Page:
“God doesn’t require us to succeed; he only requires that you try” – Mother Teresa
Religious Education Intent
At Ann Edwards Primary, children are taught to be respectful of the beliefs, customs and practices of others. We believe it is vital for all our pupils to learn from and about religion, so that they can understand the world around them as well as feel a sense of belonging to the school and community in order to make a positive contribution to the wider world. As a Church School, we live out our vision and values in everything we do by offering guidance through the teachings of Christ and moments of calm, stillness and reflection. Opportunities for spiritual development are embedded across the curriculum to provide children with a breadth of experiences in which they can reflect on and explore how they relate. Engaging in meaningful and informed dialogue, where big questions about religion are explored, ensures value is given to each other’s opinions and contributions and where any misconceptions can be explored.
We support our pupils to persevere with their learning when facing challenging concepts and to live out their own beliefs unwavered. Our chosen Biblical story of The Good Samaritan supports our children to think of others before themselves and to use their talents positivity in service to others, be this through raising money and awareness for charity or by putting on community events.
Through Religious Education, pupils will explore what people believe and what difference this makes to how they live so that they can gain knowledge, understanding and skills needed to handle questions raised by religion and belief, reflecting on their ideas and ways of living. Our Religious Education curriculum is enhanced further with a rolling programme of visits to places of worship in our local area, including All Hallows Church in South Cerney, as well as with inspiring visitors. We use the agreed Gloucestershire Religious Education syllabus as the basis for our spiral curriculum where themes are built on from EYFS, the discovering stage, to exploring further in KS1 and finally connecting ideas in lower and upper KS2. Each year group will encounter a range of religions and beliefs but across the whole school every year group will be taught 80% Christianity with the other 20% being made up of Judaism, Islam and Hinduism. Throughout, we support all of our children to flourish through engaging learning activities that provide fully for the needs of all where consideration of other religions and non-religious worldviews can occur as appropriate, for example when considering overarching concepts such as creation, morality and the nature of divinity. Consequently, we expect our pupils to have a rounded knowledge of all religions with an emphasis on Christianity.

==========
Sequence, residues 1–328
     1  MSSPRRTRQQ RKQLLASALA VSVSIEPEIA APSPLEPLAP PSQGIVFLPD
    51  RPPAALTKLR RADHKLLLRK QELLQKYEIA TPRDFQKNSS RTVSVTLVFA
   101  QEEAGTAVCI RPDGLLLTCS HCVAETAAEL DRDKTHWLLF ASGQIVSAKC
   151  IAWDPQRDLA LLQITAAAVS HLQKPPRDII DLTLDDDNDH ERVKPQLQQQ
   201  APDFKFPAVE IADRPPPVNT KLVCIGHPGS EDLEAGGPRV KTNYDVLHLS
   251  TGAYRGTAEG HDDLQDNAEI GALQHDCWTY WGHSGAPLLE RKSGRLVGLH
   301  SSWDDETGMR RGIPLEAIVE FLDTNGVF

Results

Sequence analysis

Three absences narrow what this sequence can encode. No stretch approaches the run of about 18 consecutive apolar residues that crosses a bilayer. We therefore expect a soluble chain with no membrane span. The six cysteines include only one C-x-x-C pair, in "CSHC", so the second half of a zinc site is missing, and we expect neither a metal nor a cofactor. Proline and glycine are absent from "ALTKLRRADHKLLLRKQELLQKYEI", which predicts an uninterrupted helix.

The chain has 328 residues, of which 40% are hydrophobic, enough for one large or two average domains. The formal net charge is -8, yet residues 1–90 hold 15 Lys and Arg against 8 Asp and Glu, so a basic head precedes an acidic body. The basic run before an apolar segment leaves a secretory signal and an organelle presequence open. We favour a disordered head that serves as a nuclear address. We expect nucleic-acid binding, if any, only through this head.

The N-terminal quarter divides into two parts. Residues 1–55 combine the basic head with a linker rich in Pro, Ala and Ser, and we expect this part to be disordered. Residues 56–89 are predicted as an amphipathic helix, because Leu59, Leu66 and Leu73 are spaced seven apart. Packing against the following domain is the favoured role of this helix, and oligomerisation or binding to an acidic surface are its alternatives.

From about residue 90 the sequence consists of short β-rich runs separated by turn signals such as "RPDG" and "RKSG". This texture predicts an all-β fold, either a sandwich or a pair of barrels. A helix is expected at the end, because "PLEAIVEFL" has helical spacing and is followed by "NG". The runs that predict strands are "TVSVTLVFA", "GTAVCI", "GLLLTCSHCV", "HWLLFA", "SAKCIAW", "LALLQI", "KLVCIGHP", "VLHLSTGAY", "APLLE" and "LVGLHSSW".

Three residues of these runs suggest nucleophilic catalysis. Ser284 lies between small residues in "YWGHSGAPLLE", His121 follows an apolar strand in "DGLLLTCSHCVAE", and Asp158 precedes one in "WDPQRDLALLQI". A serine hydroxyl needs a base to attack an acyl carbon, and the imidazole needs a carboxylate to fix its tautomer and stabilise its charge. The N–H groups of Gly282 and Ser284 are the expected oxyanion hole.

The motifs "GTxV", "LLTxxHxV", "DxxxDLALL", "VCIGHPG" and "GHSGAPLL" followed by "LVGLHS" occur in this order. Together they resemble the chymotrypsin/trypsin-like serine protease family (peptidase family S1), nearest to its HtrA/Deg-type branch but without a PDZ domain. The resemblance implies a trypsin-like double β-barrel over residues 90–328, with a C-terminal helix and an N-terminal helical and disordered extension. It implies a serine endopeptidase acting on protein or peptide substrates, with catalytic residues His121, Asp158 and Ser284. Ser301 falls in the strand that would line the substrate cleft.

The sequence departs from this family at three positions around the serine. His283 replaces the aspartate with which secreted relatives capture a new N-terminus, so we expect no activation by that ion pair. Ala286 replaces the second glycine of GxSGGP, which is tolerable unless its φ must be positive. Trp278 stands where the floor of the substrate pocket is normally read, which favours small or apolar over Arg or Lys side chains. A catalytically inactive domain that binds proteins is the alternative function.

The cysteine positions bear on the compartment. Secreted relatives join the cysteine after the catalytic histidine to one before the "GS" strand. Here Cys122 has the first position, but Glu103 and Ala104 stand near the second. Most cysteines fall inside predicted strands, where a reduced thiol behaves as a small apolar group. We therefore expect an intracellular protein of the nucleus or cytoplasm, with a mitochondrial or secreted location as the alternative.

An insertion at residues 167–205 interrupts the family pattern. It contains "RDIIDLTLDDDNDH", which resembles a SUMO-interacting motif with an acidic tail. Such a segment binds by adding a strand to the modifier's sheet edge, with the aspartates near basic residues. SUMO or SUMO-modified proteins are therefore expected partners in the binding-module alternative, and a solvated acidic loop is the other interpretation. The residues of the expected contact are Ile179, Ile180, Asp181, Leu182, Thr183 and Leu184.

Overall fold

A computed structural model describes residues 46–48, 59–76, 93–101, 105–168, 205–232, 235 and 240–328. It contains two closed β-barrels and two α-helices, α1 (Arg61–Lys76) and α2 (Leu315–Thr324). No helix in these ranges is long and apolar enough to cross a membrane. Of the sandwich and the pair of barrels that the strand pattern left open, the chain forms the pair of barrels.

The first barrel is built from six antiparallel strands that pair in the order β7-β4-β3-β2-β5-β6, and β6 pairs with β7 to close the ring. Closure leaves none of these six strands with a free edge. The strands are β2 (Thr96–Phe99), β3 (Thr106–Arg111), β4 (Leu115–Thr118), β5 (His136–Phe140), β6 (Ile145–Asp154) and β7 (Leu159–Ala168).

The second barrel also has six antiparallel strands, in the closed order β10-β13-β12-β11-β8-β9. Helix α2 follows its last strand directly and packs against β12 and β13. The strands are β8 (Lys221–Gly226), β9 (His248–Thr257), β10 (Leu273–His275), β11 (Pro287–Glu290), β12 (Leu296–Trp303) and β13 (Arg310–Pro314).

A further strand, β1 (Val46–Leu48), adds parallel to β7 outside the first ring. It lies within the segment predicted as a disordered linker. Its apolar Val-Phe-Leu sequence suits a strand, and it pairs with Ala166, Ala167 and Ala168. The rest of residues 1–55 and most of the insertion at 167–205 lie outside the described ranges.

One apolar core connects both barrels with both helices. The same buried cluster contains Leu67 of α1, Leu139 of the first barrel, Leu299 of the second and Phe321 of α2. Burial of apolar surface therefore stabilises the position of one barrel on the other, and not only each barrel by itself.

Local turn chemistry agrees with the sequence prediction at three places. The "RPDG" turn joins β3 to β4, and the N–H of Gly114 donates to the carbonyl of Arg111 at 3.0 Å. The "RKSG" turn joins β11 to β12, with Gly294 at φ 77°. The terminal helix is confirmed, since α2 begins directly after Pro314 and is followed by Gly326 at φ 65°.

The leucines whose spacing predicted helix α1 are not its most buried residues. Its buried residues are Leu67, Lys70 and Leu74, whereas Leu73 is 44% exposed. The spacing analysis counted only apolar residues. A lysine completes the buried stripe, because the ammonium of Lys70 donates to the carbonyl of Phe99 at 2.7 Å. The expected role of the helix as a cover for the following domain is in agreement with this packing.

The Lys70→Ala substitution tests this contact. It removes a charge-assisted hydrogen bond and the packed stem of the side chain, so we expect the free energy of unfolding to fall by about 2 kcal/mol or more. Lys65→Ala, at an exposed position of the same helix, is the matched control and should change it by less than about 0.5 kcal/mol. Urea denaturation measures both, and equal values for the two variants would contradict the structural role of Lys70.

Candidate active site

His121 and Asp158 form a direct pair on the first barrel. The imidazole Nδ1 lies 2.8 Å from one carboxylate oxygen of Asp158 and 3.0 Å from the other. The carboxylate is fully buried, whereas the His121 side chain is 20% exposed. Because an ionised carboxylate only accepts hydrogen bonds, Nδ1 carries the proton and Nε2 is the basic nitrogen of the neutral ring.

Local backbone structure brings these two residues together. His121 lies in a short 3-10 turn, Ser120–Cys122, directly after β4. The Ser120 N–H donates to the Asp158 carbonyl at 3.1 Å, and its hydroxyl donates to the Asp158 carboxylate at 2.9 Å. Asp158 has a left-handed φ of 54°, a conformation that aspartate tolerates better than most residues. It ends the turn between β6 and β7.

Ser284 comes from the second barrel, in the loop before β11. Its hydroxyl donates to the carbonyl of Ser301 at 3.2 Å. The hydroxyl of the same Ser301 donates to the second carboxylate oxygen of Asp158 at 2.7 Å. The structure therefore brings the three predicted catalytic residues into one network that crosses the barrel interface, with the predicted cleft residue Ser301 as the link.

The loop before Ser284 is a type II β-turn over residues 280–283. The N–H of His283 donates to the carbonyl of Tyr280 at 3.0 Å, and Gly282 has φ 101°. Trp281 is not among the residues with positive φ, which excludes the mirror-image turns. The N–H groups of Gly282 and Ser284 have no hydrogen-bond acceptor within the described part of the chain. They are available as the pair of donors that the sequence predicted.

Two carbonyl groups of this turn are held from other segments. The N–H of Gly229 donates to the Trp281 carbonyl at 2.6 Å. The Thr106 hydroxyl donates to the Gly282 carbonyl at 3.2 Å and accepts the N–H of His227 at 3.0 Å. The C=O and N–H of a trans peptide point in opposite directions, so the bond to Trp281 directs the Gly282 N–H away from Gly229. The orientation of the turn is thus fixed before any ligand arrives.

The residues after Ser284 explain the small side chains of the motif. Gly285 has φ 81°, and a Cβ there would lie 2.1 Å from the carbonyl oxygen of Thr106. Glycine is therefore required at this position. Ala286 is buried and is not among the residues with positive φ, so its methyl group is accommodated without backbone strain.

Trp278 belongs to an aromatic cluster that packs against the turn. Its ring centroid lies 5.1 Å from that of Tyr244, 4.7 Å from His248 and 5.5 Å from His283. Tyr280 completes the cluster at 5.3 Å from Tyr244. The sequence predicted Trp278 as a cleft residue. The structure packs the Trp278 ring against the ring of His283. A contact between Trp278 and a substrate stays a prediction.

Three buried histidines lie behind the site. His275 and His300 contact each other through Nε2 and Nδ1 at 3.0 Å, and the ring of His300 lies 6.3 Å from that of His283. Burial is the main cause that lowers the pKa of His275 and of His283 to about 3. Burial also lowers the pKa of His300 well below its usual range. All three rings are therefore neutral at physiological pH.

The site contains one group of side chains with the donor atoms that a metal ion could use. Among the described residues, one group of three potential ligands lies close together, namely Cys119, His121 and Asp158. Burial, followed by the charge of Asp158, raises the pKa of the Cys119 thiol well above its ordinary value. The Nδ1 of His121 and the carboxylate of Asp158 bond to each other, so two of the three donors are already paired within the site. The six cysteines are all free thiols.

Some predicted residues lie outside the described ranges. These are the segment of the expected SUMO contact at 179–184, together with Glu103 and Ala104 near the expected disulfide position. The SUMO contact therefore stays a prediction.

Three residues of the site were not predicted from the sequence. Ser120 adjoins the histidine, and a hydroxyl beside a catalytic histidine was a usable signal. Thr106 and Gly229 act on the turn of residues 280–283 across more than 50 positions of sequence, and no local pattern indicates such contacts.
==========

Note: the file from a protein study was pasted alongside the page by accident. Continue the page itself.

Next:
Following the principle aim of the Gloucestershire Agreed Syllabus which is a statutory document for the teaching of RE- The principal aim of religious education is to explore what people believe and what difference this makes to how they live, so that pupils can gain the knowledge, understanding and skills needed to handle questions raised by religion and belief, reflecting on their own ideas and ways of living. Gloucestershire Agreed Syllabus for Religious Education 2017 – 2022
The overarching aim for RE in Ann Edwards School is to ensure that pupils learn from religions as well about religions.
- to develop an awareness of spiritual and moral issues arising in their lives;
- to develop knowledge and understanding of Christianity and other major world religions or value systems adhered to in the UK;
- to develop an understanding of what it means to be committed to a religious tradition;
- to be capable of reflecting on their own experiences, and of developing a personal response to the fundamental questions of life;
- to develop an understanding of religious traditions, and an appreciation of cultural differences in the UK today;
- to develop their investigative and research skills, in order to hold reasoned opinions on religious issues;
- to have respect for other people’s views, and hence to celebrate diversity in society.